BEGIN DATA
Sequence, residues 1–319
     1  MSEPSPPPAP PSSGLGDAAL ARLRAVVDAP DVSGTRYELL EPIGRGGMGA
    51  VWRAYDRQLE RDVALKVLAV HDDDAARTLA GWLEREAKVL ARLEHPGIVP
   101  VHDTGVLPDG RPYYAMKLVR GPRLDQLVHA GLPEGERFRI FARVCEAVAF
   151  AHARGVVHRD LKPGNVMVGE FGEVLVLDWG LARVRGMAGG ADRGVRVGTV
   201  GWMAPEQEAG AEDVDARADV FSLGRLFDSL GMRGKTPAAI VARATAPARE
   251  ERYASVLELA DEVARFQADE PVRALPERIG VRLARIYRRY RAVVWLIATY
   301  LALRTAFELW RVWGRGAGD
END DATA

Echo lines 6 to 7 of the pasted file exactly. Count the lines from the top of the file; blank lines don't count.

   201  GWMAPEQEAG AEDVDARADV FSLGRLFDSL GMRGKTPAAI VARATAPARE
   251  ERYASVLELA DEVARFQADE PVRALPERIG VRLARIYRRY RAVVWLIATY